Wikipedia defines the Rabona thus: “In football, the Rabona is a move in which a shot, pass, or cross is performed by moving one leg behind, and around, the ‘standing leg’ (the leg meant to hold the player on the ground steadily with) and so kicking the ball with one’s legs crossed.”
We can equate it to the art of bowling a batsman around / through his legs, like Shane Warne’s “Ball of the Century“. However, the rabona isn’t as rare. Quite a few footballers try it, but no one generally does it during a game, for four reasons:
- He might pass the ball to the wrong person
- He might miss the ball completely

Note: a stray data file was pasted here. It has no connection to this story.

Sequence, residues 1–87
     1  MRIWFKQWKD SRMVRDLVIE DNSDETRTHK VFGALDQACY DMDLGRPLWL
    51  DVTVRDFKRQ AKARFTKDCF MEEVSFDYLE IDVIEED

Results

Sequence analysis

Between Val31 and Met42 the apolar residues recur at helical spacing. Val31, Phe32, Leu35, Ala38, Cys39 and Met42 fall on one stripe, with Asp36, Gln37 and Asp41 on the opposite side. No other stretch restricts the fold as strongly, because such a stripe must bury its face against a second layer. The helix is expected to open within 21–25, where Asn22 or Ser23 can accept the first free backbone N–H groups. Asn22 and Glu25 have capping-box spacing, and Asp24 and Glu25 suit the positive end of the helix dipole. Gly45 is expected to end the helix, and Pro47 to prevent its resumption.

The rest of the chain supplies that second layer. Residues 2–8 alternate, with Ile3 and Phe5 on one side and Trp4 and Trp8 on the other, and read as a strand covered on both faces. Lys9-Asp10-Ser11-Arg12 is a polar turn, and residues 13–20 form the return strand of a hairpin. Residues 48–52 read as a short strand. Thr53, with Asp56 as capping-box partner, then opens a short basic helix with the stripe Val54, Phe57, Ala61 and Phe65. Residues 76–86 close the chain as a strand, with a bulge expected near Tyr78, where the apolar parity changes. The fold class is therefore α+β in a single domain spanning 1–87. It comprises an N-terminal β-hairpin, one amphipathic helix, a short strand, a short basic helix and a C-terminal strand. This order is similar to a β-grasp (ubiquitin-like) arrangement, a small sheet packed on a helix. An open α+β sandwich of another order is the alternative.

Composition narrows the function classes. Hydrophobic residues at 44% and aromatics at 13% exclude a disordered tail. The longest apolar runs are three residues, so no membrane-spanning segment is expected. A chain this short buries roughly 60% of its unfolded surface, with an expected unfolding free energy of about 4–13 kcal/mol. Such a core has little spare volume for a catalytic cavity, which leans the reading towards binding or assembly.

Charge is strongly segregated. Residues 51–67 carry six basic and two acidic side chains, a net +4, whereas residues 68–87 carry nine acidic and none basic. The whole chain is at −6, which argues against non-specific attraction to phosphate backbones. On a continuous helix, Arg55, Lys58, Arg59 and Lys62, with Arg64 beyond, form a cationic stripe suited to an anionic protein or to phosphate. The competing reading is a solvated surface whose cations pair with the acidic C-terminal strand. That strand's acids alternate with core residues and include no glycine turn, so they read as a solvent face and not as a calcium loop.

- He might twist his legs, and must spend his time recuperating
- Hence or otherwise, he might end up looking like a fool
There are very few occasions when a player succeeds with a rabona, and when he does the result is a sight to behold. One such instance happened last weekend at the San Siro, when Alberto Aquilani, the AS Roma midfielder, set up Totti’s goal against AC Milan with a brilliant move from central midfield. His pass comfortably found Mancini, who was charging down from the left flank, and the latter played a simple pass to help his captain beat Dida with the final header.
Here’s the video. You can safely skip the first 30 seconds, but pay close attention to the remainder of the footage.
Aquilani was called-up to the Italian squad this week, and was handed his debut by Donadoni in the 1-1 draw against Turkey.
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